Edited by RedheadZombie
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Weird, creepy and confusing pilot...but I think I liked it. Justin Theroux's hotness was certainly helpful, but I also thought he was very good acting-wise. I definitely bought his torment and frustration throughout the hour. The GR people are incredibly creepy and frustrating (I just kept yelling at them to SAY SOMETHING) and I'm not sure I understand the reason for the smoking, but the reveal that Laurie is his wife made me a bit more emotionally invested in the show. I will probably have to rewatch to really get all of it, but I'll tune in next week. 

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That really felt like Flashforward.... a show that I dropped out of after 2 episodes. The Leftovers will leave me after one. It's hard doing a high concept show like this, but what ultimately bored me (like with Flashforward) was the layering of one mystery on top of another before we care about any of the characters. IMHO, Lost was so successful because it got us to care about the characters while it slowly introduced the mysteries.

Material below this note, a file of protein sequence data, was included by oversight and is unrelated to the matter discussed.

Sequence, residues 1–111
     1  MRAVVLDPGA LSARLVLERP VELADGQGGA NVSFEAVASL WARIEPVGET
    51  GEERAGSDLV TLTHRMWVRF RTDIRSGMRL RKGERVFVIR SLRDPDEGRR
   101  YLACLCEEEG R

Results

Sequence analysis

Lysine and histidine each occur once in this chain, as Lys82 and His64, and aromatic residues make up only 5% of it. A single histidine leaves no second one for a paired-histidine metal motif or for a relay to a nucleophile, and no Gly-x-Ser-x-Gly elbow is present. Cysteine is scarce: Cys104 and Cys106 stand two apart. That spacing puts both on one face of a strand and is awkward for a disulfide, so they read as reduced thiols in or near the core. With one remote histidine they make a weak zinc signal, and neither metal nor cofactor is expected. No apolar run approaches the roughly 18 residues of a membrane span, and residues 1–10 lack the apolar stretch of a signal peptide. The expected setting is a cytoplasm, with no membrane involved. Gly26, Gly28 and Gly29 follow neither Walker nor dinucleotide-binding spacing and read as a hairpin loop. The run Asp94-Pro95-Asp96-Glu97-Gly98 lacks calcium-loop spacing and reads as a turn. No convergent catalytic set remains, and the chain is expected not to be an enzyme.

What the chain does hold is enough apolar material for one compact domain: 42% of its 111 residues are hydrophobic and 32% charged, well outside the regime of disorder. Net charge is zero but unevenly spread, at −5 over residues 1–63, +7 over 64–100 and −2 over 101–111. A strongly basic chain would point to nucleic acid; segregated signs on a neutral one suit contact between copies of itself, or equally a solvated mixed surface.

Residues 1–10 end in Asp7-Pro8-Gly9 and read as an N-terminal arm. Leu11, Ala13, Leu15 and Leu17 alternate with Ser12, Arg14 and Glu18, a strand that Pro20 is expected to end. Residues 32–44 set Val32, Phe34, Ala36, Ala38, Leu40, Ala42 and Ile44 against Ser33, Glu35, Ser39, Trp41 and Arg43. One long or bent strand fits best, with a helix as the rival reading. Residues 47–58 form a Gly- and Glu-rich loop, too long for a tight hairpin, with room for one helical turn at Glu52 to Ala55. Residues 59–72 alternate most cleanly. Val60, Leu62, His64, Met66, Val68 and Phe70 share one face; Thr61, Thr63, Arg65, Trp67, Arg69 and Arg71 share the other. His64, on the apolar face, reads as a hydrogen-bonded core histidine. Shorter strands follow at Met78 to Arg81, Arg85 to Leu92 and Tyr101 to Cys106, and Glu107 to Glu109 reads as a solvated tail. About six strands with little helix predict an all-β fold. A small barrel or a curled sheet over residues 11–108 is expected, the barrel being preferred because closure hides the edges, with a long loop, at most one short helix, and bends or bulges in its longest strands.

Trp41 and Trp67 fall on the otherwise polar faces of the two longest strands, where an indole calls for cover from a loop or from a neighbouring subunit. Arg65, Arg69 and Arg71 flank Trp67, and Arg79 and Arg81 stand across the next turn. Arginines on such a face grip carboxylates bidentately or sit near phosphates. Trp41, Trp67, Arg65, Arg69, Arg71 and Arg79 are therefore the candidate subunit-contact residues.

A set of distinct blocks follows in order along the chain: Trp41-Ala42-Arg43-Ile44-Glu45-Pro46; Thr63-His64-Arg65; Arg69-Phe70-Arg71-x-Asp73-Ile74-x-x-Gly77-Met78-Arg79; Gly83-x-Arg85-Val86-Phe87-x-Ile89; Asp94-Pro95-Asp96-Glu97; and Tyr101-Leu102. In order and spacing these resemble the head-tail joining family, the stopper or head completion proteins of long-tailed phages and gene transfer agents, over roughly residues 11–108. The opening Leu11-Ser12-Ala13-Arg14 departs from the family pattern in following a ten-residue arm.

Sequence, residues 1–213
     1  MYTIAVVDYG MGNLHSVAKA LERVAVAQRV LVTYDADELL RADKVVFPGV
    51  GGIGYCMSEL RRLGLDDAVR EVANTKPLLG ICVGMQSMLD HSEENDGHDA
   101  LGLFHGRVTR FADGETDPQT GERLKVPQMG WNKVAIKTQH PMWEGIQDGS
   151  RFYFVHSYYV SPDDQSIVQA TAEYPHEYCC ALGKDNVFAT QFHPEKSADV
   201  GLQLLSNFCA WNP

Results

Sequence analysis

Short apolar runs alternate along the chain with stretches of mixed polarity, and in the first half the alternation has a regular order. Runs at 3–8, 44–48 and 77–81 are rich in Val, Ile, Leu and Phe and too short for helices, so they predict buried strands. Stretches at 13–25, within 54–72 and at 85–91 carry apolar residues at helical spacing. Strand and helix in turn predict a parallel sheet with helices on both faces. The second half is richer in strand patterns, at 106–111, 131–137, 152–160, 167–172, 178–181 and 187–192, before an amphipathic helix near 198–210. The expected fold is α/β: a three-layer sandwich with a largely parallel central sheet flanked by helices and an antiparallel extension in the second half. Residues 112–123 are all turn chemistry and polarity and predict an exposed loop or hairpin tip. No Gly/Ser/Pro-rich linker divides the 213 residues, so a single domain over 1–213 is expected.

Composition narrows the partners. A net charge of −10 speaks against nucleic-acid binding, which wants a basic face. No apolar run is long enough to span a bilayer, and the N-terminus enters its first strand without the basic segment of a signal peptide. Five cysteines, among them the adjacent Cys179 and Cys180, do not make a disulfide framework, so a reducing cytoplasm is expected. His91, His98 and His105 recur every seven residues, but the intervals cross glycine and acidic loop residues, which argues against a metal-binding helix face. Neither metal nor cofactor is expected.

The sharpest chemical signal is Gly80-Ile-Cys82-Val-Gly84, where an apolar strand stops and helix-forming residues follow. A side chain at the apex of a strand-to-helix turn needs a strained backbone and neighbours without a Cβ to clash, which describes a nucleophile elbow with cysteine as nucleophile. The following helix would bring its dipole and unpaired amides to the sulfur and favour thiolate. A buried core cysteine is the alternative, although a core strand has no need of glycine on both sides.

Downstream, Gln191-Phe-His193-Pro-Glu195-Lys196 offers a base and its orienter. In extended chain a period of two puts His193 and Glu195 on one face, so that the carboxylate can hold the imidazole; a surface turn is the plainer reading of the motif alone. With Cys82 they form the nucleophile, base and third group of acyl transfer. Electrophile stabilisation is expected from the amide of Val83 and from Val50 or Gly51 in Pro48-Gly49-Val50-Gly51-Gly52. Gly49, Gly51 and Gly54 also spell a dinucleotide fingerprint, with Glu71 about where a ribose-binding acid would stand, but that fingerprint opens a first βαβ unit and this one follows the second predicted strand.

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I liked it and will watch, but I would rather not be jerked around for an entire season, unless it's worth it in the end.

 

Same here. I usually never try to judge a season by the pilot episode but this left me feeling less than enthused. Of course I'll keep watching.

 

I did like the music very much.

 

And it's always good to see Liv Tyler.